So I guess my opinion is that the value of a degree is based on intent and perhaps context. As an entrepreneur, it doesn't matter if it costs a lot. Business pays for it. Plus degrees create barriers to entry, networking opportunities, and a chance to learn things you otherwise might not.

Overall my B.A. is mostly useless except for credibility and networking. An M.A. offers enough credibility for many customers to make buying decisions without much thought. A Ph.D. makes you an "expert" even in unrelated fields and opens doors that are closed to most of the world.

I would still have success without degrees. So in my case it comes down to who I want to be and how I want to be seen in the future. Letters behind my name are rewards for me. They're personal accomplishments just as building profitable businesses are personal accomplishments. They're one more way to look back on life and feel like I did something with it.

But I started with success, then worked toward degrees. So for me it isn't a question of success hinging on college. Also, I value degrees a lot more now that I have one.
 

fastlanedoll

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Yes, I'm planning to be both an entrepreneur & a doctor.

Doctors are indispensable and do a world of good (literally), if you're doing it right.
Medicine is an art that is continually refined by the experience you gain from reading and practising that I believe no AI can fully replace (at least not in our lifetime).

Even with advances like robotic surgery; would you really trust a robot to operate on you?
A robot is a machine, with no real senses or process of thought. Soo many things can go wrong in an operation that one technical mishap in the robot, and your operation is completely effed.

I'd rather practice medicine in a field that doesn't require the extreme long hours (ER is an example), earn an above average salary, so that I can use the income to both enjoy my life and have more capital to invest into a potential business.

Even if you're not doing medicine, your degree will give you a leg-up on people who don't have one (assuming all else is equal). Some jobs REQUIRE a degree. Period. And you'll most likely earn more than those who don't, which then also gives you a leg up in the entrepreneurial world.

I haven't read the whole thread (only the last page), but I agree that four years wasted learning something you'll NEVER use, is a waste.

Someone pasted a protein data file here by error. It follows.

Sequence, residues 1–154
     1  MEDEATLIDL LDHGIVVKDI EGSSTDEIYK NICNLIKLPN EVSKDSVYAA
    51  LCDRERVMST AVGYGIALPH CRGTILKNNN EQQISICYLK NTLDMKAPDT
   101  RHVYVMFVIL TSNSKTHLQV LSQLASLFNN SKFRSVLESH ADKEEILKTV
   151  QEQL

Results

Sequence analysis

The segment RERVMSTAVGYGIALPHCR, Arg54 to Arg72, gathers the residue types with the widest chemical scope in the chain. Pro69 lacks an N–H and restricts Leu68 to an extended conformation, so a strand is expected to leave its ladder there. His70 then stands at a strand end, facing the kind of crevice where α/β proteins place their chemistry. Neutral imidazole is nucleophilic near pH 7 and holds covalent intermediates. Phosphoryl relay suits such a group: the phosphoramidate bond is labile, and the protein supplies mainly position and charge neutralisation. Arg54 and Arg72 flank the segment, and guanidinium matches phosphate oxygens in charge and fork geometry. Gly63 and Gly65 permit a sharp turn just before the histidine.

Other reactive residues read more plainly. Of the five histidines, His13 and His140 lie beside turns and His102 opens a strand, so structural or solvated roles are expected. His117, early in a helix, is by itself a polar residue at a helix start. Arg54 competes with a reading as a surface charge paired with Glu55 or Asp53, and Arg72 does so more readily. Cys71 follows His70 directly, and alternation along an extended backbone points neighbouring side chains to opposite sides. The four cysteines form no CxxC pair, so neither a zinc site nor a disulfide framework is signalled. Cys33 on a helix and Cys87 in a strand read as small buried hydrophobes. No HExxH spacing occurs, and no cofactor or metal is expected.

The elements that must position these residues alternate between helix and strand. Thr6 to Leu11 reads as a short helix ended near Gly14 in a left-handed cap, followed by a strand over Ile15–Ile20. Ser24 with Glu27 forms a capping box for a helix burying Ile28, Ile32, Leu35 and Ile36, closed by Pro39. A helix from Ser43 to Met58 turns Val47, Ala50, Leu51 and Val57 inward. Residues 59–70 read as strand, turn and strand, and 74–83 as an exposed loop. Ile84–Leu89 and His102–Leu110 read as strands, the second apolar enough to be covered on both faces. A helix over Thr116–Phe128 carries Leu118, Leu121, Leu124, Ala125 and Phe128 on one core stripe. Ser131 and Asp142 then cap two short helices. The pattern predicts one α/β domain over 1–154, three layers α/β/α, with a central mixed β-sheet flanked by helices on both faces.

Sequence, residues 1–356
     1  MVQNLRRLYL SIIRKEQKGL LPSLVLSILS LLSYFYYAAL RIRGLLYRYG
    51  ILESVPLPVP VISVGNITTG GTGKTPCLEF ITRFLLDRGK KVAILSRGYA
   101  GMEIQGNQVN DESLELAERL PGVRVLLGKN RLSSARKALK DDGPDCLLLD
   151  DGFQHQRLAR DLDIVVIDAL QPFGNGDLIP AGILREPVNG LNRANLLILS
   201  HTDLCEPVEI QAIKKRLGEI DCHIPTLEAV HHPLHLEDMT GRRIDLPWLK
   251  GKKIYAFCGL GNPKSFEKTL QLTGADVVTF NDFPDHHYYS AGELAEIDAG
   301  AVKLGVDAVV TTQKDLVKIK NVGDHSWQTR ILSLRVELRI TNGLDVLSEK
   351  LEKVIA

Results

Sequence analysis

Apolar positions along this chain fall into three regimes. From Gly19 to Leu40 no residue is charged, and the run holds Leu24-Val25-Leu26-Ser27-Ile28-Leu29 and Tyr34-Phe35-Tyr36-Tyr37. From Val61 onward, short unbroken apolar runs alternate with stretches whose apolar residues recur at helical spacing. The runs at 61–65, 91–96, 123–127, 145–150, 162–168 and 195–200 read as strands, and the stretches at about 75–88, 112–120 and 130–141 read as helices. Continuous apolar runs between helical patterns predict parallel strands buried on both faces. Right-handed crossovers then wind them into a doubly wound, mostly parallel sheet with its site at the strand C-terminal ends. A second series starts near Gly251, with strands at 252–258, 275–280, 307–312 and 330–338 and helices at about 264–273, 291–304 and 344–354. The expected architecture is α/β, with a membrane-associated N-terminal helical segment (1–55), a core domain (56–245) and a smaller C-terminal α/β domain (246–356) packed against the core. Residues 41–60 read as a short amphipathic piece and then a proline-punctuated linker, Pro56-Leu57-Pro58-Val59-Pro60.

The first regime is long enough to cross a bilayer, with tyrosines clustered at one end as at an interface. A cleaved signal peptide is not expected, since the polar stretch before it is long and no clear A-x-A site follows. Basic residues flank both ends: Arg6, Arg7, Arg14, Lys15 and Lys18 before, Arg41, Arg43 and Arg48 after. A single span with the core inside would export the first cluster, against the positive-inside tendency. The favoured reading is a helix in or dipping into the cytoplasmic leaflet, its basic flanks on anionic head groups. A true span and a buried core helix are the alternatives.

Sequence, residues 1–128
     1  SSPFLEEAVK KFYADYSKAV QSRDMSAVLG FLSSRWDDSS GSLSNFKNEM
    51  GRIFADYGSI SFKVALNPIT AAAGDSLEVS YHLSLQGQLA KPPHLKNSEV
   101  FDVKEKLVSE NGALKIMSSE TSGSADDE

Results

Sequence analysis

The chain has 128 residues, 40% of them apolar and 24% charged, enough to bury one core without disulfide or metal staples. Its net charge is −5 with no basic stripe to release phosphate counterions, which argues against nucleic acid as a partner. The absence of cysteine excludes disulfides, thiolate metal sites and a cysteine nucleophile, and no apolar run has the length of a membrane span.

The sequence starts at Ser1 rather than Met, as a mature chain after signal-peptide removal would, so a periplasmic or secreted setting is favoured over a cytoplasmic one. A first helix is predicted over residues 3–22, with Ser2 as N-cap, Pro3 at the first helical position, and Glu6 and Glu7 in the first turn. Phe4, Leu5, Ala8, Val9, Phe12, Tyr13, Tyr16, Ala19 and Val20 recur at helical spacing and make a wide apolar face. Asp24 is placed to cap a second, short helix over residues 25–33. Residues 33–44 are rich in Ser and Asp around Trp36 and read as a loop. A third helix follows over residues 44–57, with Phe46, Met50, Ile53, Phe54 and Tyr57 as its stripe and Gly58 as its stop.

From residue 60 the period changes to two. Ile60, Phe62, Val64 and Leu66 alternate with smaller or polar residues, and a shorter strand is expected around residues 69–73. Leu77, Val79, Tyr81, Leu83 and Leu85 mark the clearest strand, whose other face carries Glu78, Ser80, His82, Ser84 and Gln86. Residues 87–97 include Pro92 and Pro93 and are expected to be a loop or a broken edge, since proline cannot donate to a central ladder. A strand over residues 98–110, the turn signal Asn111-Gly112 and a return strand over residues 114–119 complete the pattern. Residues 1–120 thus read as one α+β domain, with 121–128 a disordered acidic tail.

It's not about the degree itself, but choosing that degree wisely so that not only it gives you a leg-up, but assists you in whatever endeavour you choose to take on later.
 

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It is overrated if you expect them to teach you how to make money directly.

But I think college education still have far more good benefits.

1) Network. It is harder to make friends after you leave schools and step out in the working world. I am a financial consultant and my high school and University network forms a good client pool.

2) Ecosystem. Even if you are into doing business if you go to a good school you are more likely to find capable business partners. A good school with alumni entrepreneurs give you good connection on business network and potential fundings. There is a reason why so many ultra successful entrepreneurs drop out from top tier schools not average schools. They managed to find enough resources there while being in the school.

3) Critical thinking ability- It is very easy to get sucked into the guru worship crap while navigating alone in the cyber space for business and life advice. Tertiary institutions teach you that.
 

Dan_Cardone

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It is overrated if you expect them to teach you how to make money directly.

But I think college education still have far more good benefits.

1) Network. It is harder to make friends after you leave schools and step out in the working world. I am a financial consultant and my high school and University network forms a good client pool.

2) Ecosystem. Even if you are into doing business if you go to a good school you are more likely to find capable business partners. A good school with alumni entrepreneurs give you good connection on business network and potential fundings. There is a reason why so many ultra successful entrepreneurs drop out from top tier schools not average schools. They managed to find enough resources there while being in the school.

3) Critical thinking ability- It is very easy to get sucked into the guru worship crap while navigating alone in the cyber space for business and life advice. Tertiary institutions teach you that.
I somewhat agree on #1.

I think the problem isn't that schools make it easy to network (they do), but that people are horrible at networking in general. In today's hyper connected world its super easy to meet and network with people but few people take the time to understand how.

Going to a university almost "forces" a person to interact with others which is why they always find networking easier there. I tell everyone, school or no school, make it a goal to reach out to five people a week who can help you in some way. Find a way to also provide value to them and in no time a large network will be formed.